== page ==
What makes a good charity website homepage?

A while back, I was supporting a charity client with the content design for their new homepage. As part of my research I asked Twitter which charities and non-profits had the best homepages. People shared lots of examples with me. But along with the examples came a lot of questions, requests for feedback, and worries. Have we got the right content? Is it in the right order? How do we balance user needs with stakeholder needs?

It’s no surprise that homepage content design is so challenging. They’re the ‘shop window’ and get a lot of focus inside many charities. Everyone wants their ‘thing’ to get a mention there. And they can come in for scrutiny from people at the top too.

So to help people navigate this, I carried out a study of 30 different charity website homepages. I looked at what content elements are included, and the order they appear in. And I’m sharing my findings in this blog post.

What content charities put on their homepages

Across the 30 homepages I looked at, I found 53 different content elements in use across 10 categories.

  • Tagline / mission / description
  • About us / what we do (link/links)
  • Statistics
  • Area of work / programme (specific, link)
  • Areas of work / programmes (links)
  • Interventions / activities / cases (link/links)
  • Testimonial / quote
  • News / blog (links)
  • Stories / case studies (link/links)
  • Podcast (link/player)
  • Donate (specific campaign, call to action)
  • Donate (generic, call to action)
  • Donate goods (call to action)
  • Leave a gift in will (link)
  • Fundraising event (specific, link)
  • Fundraise (generic, link)
  • Online shop (link)
  • Offline shop (finder/search/link)
  • Product (link)
  • Volunteer recruitment (call to action/link)
  • Membership / supporter sign up (call to action)
  • Get involved / support us (link)
  • Campaign / petition (specific, link)
  • Campaigns (link to all)
  • Event (link/links)
  • Cause or awareness day / week / month (link)
  • Services (finder/search)
  • Services (multiple, list/links)
  • Service (link to one specific)
  • Service/location tour (link/video)
  • Locations (multiple, list/links)
  • Info/help/advice (links to topics/link to category page)
  • Info / help / advice (specific piece of content, link)
  • Helpline / advice line (email/webchat/phone number)
  • Community / chatroom / forum (link)
  • Reports / research / publications (link/links)
  • Resources / templates / tools (link to)
  • Info / help / advice (search/finder)
  • Nations (info for different UK nations – link)
  • App (link)
  • Competition (link)
  • Jobs / careers (link)
  • Map
  • Social media (links, NOT in footer)
  • Supporter phone number
  • Survey (link)
  • Training / learning (link)
  • Email subscription (call to action)
  • Funding (CTA/apply for)
  • Image carousel (no words)
  • Carousel
  • Hero image (no words)
  • Partners / funders (logos/links)

The 10 most common content elements were:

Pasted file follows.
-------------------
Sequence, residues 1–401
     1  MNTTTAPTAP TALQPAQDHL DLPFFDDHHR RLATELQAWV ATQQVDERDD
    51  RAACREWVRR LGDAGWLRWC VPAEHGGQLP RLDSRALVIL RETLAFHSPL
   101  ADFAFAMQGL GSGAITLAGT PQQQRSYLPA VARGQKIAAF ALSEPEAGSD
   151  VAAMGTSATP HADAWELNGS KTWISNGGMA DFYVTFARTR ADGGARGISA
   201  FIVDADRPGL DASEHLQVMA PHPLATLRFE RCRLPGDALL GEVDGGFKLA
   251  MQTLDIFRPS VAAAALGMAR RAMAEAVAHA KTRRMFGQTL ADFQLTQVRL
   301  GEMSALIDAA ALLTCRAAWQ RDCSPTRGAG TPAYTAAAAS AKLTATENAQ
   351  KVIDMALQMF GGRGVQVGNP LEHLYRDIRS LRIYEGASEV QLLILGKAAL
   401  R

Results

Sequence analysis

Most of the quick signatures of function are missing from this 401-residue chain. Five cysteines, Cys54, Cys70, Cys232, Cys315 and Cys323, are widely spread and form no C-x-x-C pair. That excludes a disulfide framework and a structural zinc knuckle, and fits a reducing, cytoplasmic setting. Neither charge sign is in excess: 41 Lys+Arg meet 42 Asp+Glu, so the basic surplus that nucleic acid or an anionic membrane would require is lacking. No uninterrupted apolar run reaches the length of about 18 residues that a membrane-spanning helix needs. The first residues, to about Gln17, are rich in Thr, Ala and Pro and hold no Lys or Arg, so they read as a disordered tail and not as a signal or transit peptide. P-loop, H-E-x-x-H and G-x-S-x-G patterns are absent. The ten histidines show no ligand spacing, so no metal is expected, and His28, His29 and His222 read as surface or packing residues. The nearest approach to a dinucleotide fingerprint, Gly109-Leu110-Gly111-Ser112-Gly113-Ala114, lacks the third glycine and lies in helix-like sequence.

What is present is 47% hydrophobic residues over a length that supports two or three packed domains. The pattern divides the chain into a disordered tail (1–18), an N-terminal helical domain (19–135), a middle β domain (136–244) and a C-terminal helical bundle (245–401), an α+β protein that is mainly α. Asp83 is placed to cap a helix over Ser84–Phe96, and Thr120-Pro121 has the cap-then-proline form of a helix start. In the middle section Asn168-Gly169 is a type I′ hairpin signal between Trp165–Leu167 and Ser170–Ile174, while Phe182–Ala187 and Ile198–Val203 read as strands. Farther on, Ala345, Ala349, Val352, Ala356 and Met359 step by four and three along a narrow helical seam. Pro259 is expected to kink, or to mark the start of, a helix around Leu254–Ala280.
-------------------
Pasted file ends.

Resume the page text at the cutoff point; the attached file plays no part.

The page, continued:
1. News / blog (links) (appeared on 73% of homepages)
  2. Tagline / mission / description (63%)
  3. Donate (generic, call to action) (53%)
  4. Email subscription (call to action) (47%)
  5. Campaign / petition (specific, link) (43%)
  6. Volunteer recruitment (call to action/link) (40%)
  7. Info / help / advice (links to topics/link to category page) (37%)
  8. Info / help / advice (specific piece of content, link) (33%)
  9. About us / what we do (link/links) (33%)
  10. Get involved / support us (link) (33%)

Content element vs number of times it appeared

News is a very common content type that appears on almost all charity and non-profit websites, so it makes sense that this was the most frequently used element on the homepages.

All but one of the charities that didn’t have news or blog post links on their homepage were larger ones with income over £10 million. I have a few guesses as to why this might be:

  • Larger charities have more messages they want to share or goals they’re focused on, and news feels lower priority in comparison.
  • Charities that invest more in content design might have more specialised content types at their disposal, whereas others might rely on news stories or blog posts to share lots of different types of stories/messages.

60% of the charities I looked at had either a tagline, a mission, or some kind of description of their work on the homepage. I think this is essential homepage content, so I was surprised that it wasn’t more common.

Again, it was the higher income charities that didn’t include this element; all but one had an income of over £10 million. 60% qualified as ‘household’ names. Why? It could be that charities that are well established and well known feel more confident that their users will know who they are and what they do before they hit the homepage. Alternatively, it could be they feel they demonstrate this messaging through the other content elements they have on the homepage.

Priority order of content on homepages

Content element vs number of times it appeared first on the page

Out of the 53 different elements, only 10 appeared as the first element on the homepage:

  1. Tagline / mission / description (first element 37% of the time)
  2. Donate (specific campaign, call to action) (20%)
  3. Campaign / petition (specific, link) (13%)
  4. Fundraising event (specific, link) (7%)
  5. Info / help / advice (links to topics/link to category page) (3%)
  6. Info / help / advice (specific piece of content, link) (3%)
  7. Helpline / advice line (email/webchat/phone number) (3%)
  8. Services (finder/search) (3%)
  9. Funding (CTA/apply for) (3%)
  10. Image carousel (no words) (3%)

The most common first element was a tagline, mission, or description. All of the charities that put this element first were not household names.

The next most common element was a call to action to donate to a specific campaign. This was followed by links to campaigns or petitions.